Hematopoietic stem cells (HSCs) give rise to all other blood cell types, but their development and how their fate is determined has long remained a mystery. [More]
New approach to predict myeloma patients using calcium isotope analysis

New approach to predict myeloma patients using calcium isotope analysis

A team of researchers from Arizona State University and Mayo Clinic is showing how a staple of Earth science research can be used in biomedical settings to predict the course of disease. [More]
Epigenetics has a large say in blood formation

Epigenetics has a large say in blood formation

Blood stem cells have the potential to turn into any type of blood cell, whether it be the oxygen-carrying red blood cells, or the many types of white blood cells of the immune system that help fight infection. [More]
Avillion initiates BOSULIF Phase 3 trial in patients with chronic phase Ph+ CML

Avillion initiates BOSULIF Phase 3 trial in patients with chronic phase Ph+ CML

Avillion LLP, a co-developer of late-stage pharmaceutical assets, announces that the first patients have been dosed in the United States in a global Phase 3 clinical trial called "BFORE," which is designed to assess the effectiveness and safety of BOSULIF (bosutinib) as a first-line treatment for patients with chronic phase Philadelphia chromosome positive (Ph+) chronic myelogenous leukemia (CML). The first patient was dosed on July 22, 2014. [More]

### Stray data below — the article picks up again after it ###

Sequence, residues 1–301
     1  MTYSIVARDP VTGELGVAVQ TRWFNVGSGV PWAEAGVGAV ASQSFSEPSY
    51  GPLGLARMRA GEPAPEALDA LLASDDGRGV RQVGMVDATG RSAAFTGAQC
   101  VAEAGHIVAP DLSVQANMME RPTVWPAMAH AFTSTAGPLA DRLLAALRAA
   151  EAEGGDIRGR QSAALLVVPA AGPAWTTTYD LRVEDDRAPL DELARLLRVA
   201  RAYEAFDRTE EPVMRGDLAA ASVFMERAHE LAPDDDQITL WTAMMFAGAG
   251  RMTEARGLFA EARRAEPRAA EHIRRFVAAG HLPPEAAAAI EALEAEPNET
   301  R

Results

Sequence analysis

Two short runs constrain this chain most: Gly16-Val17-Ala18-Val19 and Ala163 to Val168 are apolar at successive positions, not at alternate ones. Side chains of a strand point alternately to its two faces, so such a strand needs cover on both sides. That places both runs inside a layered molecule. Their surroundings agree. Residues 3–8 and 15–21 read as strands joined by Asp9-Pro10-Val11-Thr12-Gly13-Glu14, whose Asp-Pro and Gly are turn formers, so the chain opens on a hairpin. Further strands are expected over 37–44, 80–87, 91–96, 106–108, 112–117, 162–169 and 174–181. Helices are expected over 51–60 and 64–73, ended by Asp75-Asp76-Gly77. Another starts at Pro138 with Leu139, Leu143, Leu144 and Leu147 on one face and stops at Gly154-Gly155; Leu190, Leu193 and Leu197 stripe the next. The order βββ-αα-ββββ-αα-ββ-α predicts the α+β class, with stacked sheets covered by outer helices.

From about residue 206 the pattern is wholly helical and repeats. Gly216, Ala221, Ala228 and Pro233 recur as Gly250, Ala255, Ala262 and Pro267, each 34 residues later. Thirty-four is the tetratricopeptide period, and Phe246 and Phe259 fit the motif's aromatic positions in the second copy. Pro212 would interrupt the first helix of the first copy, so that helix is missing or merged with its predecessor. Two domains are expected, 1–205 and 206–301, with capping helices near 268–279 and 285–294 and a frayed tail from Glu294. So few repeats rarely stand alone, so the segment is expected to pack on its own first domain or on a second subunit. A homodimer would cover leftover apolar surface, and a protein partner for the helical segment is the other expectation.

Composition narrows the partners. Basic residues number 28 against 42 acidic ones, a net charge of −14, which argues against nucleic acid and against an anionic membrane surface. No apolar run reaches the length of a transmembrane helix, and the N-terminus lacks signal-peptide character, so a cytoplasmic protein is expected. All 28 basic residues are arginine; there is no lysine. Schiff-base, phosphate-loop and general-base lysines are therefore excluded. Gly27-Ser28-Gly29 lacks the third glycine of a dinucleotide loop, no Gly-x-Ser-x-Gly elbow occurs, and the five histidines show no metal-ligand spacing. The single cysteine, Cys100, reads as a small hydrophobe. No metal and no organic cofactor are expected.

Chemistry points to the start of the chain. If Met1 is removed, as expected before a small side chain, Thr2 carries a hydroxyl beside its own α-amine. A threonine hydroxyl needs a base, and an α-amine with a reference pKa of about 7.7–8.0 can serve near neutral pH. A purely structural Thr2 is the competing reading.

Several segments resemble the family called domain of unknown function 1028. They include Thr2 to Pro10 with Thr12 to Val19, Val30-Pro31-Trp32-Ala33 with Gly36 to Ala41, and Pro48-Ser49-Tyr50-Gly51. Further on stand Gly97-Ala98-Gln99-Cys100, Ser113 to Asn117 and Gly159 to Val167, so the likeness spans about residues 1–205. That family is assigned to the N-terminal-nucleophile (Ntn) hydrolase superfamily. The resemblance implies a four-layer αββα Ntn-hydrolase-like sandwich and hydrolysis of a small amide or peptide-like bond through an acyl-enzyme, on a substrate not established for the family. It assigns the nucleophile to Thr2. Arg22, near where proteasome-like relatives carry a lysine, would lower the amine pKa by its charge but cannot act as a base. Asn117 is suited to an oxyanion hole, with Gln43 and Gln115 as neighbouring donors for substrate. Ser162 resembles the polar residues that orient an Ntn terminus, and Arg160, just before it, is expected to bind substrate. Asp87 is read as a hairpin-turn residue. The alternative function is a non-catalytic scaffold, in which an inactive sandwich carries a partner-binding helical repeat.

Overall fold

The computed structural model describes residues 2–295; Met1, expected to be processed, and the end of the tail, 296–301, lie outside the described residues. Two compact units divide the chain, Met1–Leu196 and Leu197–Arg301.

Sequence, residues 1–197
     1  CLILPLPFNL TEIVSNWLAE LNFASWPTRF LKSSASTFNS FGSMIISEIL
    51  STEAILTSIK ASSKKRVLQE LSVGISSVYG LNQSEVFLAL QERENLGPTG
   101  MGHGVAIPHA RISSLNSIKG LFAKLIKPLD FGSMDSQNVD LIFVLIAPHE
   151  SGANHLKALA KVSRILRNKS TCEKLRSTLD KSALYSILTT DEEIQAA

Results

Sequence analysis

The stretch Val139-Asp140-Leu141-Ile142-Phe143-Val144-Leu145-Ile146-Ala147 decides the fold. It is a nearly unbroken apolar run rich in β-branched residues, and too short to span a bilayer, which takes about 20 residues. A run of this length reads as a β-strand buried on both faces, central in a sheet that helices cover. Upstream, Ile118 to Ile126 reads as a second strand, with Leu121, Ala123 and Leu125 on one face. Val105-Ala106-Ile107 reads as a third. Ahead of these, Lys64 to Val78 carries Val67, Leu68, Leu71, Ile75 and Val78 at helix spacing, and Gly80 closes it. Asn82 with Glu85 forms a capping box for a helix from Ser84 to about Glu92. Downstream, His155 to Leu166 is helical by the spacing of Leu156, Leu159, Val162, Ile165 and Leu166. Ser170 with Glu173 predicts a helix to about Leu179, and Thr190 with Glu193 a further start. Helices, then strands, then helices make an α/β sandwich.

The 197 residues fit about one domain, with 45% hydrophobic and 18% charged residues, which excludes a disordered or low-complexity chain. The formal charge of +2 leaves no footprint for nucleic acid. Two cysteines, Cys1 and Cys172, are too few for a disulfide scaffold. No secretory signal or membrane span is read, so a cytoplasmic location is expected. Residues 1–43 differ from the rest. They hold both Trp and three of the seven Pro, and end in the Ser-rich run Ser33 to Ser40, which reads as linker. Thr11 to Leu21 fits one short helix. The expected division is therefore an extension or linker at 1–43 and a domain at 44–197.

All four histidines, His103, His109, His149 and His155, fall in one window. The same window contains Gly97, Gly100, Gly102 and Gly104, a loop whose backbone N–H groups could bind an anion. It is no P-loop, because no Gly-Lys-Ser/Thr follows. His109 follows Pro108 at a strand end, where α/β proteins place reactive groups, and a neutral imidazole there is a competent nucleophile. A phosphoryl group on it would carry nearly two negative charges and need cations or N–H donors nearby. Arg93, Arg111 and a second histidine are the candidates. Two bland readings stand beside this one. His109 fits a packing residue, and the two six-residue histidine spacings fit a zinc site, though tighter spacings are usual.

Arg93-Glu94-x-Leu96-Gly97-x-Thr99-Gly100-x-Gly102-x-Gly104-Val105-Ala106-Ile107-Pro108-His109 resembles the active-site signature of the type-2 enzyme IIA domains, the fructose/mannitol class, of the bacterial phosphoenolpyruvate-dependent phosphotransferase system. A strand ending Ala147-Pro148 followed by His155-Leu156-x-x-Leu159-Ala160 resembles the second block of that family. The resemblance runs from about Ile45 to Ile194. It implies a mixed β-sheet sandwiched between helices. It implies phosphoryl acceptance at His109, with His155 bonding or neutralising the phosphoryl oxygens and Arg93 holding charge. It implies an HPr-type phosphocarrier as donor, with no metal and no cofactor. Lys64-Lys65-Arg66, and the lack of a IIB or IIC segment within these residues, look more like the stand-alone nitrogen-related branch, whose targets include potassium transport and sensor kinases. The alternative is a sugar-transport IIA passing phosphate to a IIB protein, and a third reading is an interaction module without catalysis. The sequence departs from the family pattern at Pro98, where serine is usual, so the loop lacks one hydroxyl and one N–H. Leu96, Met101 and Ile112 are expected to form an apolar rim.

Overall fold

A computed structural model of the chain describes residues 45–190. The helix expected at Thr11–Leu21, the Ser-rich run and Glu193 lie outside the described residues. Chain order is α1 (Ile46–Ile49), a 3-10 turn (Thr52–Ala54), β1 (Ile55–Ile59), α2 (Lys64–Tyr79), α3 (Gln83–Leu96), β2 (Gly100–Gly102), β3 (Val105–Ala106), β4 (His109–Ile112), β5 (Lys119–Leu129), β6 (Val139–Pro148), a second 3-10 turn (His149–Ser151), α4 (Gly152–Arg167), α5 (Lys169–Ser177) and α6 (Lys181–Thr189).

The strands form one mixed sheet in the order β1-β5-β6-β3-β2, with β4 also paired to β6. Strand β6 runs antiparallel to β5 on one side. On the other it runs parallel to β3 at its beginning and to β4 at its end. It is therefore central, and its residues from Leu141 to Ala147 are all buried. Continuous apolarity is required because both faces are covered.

Scientists solve key mystery in cancer research

Scientists solve key mystery in cancer research

A chance meeting between two leading UK and US scientists could have finally helped solve a key mystery in cancer research. [More]
3SBio enters into exclusive license with DiNonA for development of Leukotuximab

3SBio enters into exclusive license with DiNonA for development of Leukotuximab

3SBio Inc., a leading China-based biotechnology company focused on researching, developing, manufacturing and marketing biopharmaceutical products, today announced it has entered into an exclusive license with DiNonA Inc. for the development, manufacturing and marketing of Leukotuximab, an anti JL-1 antibody for acute leukemia (AL), including acute myelocytic leukemia (AML) and acute lymphoblastic leukemia (ALL), in the territory of Greater China (including Mainland China, Taiwan, Hong Kong and Macau) and the Middle East (excluding Cyprus, Egypt, Israel and Turkey). [More]
CTI BioPharma's pacritinib granted FDA Fast Track designation for treatment of myelofibrosis

CTI BioPharma's pacritinib granted FDA Fast Track designation for treatment of myelofibrosis

CTI BioPharma Corp. announced today that pacritinib has been granted Fast Track designation by the U.S. Food and Drug Administration for the treatment of intermediate and high risk myelofibrosis, including but not limited to patients with disease related thrombocytopenia, patients experiencing treatment emergent thrombocytopenia on other JAK2 therapy or patients who are intolerant to or whose symptoms are sub-optimally managed on other JAK2 therapy. [More]